Archives of Gynecology and Obstetrics. 2007 Dec; 276(6):583-589.The objective was to evaluate quality of life (QOL) and identify its associated factors in a cohort of women with gynecologic cancer. A cross-sectional study was conducted, including 103 women with cervical or endometrial cancer, aged between 18 and 75 years who were receiving their entire treatment at the institution where the investigation was carried out. QOL was measured by the World Health Organization's QOL instrument-abbreviated version (WHOQOL-BREF). Clinical and sociodemographic characteristics, in addition to prevalence of cancer-related symptoms prior to radiotherapy were investigated. Bivariate analysis was performed, applying the Mann-Whitney test. Multivariate analysis was used to identify factors associated with QOL. The mean age of the participants was 56.8 plus or minus 11.6 years. The study included 67 (65%) women with cervical cancer and 36 (35%) women with endometrial cancer. Most participants were at an advanced stage (63.1%). The most common complaints were pain (49.5%) and vaginal bleeding (36.9%). The prevalence of anemia was 22.3%. On multivariate analysis, it was observed that anemia (P = 0.006) and nausea and/or vomiting (P = 0.010) determined impairment in physical domain. Pain negatively influenced physical domain (P = 0.001), overall QOL (P = 0.024), and general health (P = 0.013), while the history of surgery positively affected general health (P = 0.001). Cancer-related symptoms were factors that most interfered with QOL in women with gynecologic cancer. Therefore, more attention should be focused on identifying these symptoms, adopting measures to minimize their repercussions on QOL. (author's)
BJOG: An International Journal of Obstetrics and Gynaecology. 2005 Sep; 112:1221-1228.Objective To determine the prevalence of uterine rupture worldwide. Design Systematic review of all available data since 1990. Setting Community- based and facility-based reports from urban and rural studies worldwide. Sample Eighty-three reports of uterine rupture rates are included in the systematic review. Most are facility based using cross-sectional study designs. Methods Following a pre-defined protocol an extensive search was conducted of 10 electronic databases as well as other sources. Articles were evaluated according to specified inclusion criteria. Uterine rupture data were collected along with information on the quality of reporting including definitions and identification of cases. Data were entered into a database and tabulated using SAS software. Main outcome measures Prevalence of uterine rupture by country, period, study design, setting, participants, facility type and data source. Results Prevalence figures for uterine rupture were available for 86 groups of women. For unselected pregnant women, the prevalence of uterine rupture reported was considerably lower for community-based (median 0.053, range 0.016-0.30%) than for facility-based studies (0.31, 0.012-2.9%). The prevalence tended to be lower for countries defined by the United Nations as developed than the less or least developed countries. For women with previous caesarean section, the prevalence of uterine rupture reported was in the region of 1%. Only one report gave a prevalence for women without previous caesarean section, from a developed country, and this was extremely low (0.006%). Conclusion In less and least developed countries, uterine rupture is more prevalent than in developed countries. In developed countries most uterine ruptures follow caesarean section. Future research on the prevalence of uterine rupture should differentiate between uterine rupture with and without previous caesarean section. (author's)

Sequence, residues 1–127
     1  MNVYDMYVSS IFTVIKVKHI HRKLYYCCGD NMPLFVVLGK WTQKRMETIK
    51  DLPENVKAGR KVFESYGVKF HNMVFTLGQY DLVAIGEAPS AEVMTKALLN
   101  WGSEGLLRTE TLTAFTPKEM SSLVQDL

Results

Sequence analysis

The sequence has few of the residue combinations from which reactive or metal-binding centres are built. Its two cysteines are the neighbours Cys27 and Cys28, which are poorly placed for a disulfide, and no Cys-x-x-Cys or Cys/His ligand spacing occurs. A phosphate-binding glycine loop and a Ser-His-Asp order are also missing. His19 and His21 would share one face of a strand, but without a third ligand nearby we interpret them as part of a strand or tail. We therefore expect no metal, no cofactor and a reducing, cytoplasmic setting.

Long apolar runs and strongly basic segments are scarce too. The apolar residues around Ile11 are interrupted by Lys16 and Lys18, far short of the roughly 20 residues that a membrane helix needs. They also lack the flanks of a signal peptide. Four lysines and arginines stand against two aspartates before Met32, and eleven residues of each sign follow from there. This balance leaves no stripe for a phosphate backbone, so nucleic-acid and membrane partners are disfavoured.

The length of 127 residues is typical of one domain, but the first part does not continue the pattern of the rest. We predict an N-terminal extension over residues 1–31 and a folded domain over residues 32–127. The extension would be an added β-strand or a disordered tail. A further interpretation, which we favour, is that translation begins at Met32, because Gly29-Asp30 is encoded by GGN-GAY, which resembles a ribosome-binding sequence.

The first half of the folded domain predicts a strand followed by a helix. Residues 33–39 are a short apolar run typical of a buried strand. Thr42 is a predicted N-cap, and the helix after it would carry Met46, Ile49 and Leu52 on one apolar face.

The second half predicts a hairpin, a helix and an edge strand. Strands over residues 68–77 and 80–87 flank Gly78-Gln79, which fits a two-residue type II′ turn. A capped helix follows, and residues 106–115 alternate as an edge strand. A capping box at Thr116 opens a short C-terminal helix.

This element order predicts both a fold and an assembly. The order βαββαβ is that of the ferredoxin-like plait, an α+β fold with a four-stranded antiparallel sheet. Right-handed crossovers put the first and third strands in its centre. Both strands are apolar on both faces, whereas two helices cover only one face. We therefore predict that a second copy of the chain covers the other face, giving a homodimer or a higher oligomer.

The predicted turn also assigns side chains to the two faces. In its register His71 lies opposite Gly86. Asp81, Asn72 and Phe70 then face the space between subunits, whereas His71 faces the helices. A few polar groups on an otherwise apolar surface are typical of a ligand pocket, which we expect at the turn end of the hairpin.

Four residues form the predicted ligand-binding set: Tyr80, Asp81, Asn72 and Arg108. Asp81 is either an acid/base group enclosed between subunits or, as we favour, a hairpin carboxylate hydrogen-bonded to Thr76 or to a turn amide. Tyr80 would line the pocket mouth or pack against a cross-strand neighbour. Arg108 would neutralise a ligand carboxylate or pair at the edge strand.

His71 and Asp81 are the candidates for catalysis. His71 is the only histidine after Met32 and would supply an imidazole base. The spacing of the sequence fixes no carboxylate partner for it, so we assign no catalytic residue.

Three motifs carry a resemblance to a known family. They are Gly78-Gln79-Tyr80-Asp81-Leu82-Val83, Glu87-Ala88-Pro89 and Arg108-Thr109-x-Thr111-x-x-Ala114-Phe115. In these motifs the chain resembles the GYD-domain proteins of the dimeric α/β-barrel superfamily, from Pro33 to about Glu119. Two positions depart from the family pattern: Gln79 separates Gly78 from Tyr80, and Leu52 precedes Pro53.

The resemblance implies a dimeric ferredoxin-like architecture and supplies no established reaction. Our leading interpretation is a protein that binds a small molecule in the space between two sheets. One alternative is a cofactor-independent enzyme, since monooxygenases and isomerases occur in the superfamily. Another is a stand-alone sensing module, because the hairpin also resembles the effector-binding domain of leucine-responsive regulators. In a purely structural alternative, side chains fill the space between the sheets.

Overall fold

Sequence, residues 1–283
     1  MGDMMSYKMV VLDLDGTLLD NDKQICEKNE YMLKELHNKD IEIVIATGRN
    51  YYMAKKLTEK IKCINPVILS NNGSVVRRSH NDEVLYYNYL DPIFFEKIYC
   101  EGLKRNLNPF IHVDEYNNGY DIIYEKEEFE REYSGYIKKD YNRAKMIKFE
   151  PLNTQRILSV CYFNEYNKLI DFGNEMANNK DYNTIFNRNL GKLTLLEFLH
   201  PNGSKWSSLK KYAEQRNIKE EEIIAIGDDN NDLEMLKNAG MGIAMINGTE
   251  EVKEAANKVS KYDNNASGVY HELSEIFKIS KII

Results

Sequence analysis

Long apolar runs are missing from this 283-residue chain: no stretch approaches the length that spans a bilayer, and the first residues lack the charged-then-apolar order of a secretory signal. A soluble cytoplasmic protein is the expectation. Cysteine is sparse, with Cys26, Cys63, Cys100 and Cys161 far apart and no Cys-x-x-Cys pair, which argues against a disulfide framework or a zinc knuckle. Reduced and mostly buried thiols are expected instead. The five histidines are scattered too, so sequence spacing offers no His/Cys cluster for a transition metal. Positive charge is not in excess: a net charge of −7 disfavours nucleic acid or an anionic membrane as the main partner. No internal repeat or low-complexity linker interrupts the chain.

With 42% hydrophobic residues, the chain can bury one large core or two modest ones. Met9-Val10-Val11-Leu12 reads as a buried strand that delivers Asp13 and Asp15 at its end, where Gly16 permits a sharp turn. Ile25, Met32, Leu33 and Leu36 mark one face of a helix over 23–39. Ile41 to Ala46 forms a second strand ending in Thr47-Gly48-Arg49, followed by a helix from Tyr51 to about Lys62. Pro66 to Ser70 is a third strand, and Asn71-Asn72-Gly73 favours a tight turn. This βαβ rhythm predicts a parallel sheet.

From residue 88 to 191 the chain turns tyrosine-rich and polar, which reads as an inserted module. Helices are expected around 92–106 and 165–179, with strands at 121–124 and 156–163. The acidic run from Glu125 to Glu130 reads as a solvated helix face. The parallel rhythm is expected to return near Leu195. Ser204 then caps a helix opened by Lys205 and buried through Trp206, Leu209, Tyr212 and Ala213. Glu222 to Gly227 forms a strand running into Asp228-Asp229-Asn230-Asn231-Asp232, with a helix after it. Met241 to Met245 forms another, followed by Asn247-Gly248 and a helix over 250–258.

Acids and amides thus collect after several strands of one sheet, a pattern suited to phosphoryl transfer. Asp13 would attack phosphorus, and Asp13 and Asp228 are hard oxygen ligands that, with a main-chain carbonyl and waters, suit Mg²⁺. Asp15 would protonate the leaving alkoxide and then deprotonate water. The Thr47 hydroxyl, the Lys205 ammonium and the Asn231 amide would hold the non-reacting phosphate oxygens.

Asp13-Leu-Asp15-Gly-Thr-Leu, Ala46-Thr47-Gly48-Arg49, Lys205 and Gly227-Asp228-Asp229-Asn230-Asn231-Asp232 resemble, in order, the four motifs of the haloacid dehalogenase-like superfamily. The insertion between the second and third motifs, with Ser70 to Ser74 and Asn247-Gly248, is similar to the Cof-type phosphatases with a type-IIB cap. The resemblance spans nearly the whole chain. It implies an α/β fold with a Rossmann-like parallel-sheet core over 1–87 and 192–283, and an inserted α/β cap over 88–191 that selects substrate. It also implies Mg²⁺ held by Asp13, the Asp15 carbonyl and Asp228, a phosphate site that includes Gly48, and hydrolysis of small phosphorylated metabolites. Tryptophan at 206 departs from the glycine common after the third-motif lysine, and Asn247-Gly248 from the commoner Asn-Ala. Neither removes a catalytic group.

Clinical diagnosis and assessment of severity of confirmed dengue infections in Vietnamese children: is the World Health Organization classification system helpful?
American Journal of Tropical Medicine and Hygiene. 2004; 70(2):172-179.Classification of dengue using the current World Health Organization (WHO) system is not straightforward. In a large prospective study of pediatric dengue, no clinical or basic laboratory parameters clearly differentiated between children with and without dengue, although petechiae and hepatomegaly were independently associated with the diagnosis. Among the 712 dengue-infected children there was considerable overlap in the major clinical features. Mucosal bleeding was observed with equal frequency in those with dengue fever and dengue hemorrhagic fever (DHF), and petechiae, thrombocytopenia, and the tourniquet test differentiated poorly between the two diagnostic categories. Fifty-seven (18%) of 310 with shock did not fulfill all four criteria considered necessary for a diagnosis of DHF by the WHO, but use of the WHO provisional classification scheme resulted in considerable over-inflation of the DHF figures. If two separate entities truly exist rather than a continuous spectrum of disease, it is essential that some measure of capillary leak is included in any classification system, with less emphasis on bleeding and a specific platelet count. (author's)
Global Blood Safety Initiative. Use of plasma substitutes and plasma in developing countries, Geneva, 20-22 March 1989.